If you’ve been following Ivy’s Library for a while you’ll know I’m really passionate about books which help small children to understand and verbalise their feelings. I’m also a huge fan of author Rachel Bright, so when The Worrysaurus landed on our doorstep I was really excited. Ivy was instantly entranced by the title character – an adorable little red dinosaur with a tiny green backpack – and demanded we read it right away!
The Worrysaurus is a planner and a worrier (to be honest, he’s a lot like me!). When he decides to go on a picnic he organises it all in his advance. He plans out a route, he packs all of the things he might need in to his trusty bag and then he heads out in to the sunshine.
However it’s not long before his brain starts to itch. What if he didn’t pack enough to drink? What if he gets lost on the way? Slowly his happy mood starts to slip away and anxiety creeps in. When a little lizard warns him that there might be a storm poor Worrysaurus starts to panic. He’s not prepared for rain!
Ivy is an extremely picky eater so I like to keep an eye out for books which might encourage her to expand her tastes a little. Results are generally a bit hit and miss but we have had some success with this one so I wanted to share it with you.
The child in the story loves dinosaurs but absolutely does not like broccoli! She refuses to try it or even touch it because she thinks it looks yucky. But mum steps in with a thought which makes her think twice. She cleverly points out that broccoli looks like tiny trees and dinosaurs like to eat trees…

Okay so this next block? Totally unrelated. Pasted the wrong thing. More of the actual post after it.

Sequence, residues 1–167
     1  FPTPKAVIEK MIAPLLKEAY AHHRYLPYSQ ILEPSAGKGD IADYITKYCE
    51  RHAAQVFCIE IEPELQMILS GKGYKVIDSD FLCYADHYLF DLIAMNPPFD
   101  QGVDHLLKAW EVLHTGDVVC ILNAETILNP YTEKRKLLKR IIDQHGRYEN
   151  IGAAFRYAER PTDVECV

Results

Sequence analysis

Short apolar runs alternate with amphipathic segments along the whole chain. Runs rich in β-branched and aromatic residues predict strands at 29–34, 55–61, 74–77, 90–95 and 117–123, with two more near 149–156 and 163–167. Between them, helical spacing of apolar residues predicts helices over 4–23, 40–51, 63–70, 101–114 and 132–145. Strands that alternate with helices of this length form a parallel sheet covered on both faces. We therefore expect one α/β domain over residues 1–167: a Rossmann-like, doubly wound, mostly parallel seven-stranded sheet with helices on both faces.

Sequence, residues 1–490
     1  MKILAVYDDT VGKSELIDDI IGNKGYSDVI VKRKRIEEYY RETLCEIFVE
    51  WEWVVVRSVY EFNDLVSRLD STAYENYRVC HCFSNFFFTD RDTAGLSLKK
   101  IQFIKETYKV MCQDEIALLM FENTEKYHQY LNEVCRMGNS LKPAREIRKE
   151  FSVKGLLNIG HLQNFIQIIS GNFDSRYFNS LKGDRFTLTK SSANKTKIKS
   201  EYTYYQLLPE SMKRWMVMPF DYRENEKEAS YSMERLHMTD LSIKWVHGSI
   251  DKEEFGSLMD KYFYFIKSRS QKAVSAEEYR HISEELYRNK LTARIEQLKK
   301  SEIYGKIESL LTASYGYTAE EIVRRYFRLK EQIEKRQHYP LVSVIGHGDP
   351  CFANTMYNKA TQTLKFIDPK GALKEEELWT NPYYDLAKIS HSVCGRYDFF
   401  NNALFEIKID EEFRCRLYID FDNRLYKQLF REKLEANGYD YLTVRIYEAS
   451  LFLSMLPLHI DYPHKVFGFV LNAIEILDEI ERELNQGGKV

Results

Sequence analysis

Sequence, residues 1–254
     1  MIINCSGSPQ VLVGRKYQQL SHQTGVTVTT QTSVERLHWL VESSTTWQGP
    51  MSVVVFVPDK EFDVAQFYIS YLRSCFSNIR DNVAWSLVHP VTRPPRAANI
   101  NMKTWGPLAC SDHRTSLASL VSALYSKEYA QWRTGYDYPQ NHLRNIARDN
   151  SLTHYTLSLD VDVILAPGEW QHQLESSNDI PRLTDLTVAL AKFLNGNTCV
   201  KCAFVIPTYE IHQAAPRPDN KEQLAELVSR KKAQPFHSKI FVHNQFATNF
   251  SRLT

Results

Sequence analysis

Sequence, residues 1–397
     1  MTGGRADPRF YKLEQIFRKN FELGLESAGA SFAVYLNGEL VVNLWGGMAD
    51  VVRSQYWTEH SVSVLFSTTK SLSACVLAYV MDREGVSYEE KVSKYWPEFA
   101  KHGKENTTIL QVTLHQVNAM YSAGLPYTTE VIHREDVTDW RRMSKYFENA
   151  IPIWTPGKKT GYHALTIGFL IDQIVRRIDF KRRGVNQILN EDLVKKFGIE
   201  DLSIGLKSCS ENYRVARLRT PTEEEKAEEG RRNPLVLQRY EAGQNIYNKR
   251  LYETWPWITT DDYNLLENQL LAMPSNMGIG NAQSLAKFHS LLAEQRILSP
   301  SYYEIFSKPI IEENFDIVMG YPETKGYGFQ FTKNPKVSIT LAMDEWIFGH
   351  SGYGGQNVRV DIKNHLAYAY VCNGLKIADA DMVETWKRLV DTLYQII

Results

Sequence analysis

The girl (who is dressed in a dinosaur costume) asks if her toy dinosaur can try it first – and together they take baby steps towards a first mouthful of broccoli.
If you have a child who rejects story time because they don’t like to sit still then Bumpus Jumpus Dinosaurumpus might be the book that you’re looking for. The infectious rhyme encourages your child to dance around and I defy anyone to read this aloud without wiggling a little themselves!
The story introduces you to a whole host of dinosaurs as they take part in a Dinosaurumpus – a noisy, bouncy and frankly bonkers celebration of who they are. They twizzle, spin, bomp and stomp together until they hear a giant roar. What on earth is making that scary noise and will it want to eat them up or just join in the fun?
We’ve read this one so many times that Ivy joins in with the ‘chorus’ and bangs the sofa like a drum in time with they way I read the rhyme. We started off just reciting it but these days it’s more like (extremely amateur!) performance art as I rap the lyrics (badly) and she bounces up and down and squeals with delight. It’s definitely not a bedtime book in our house!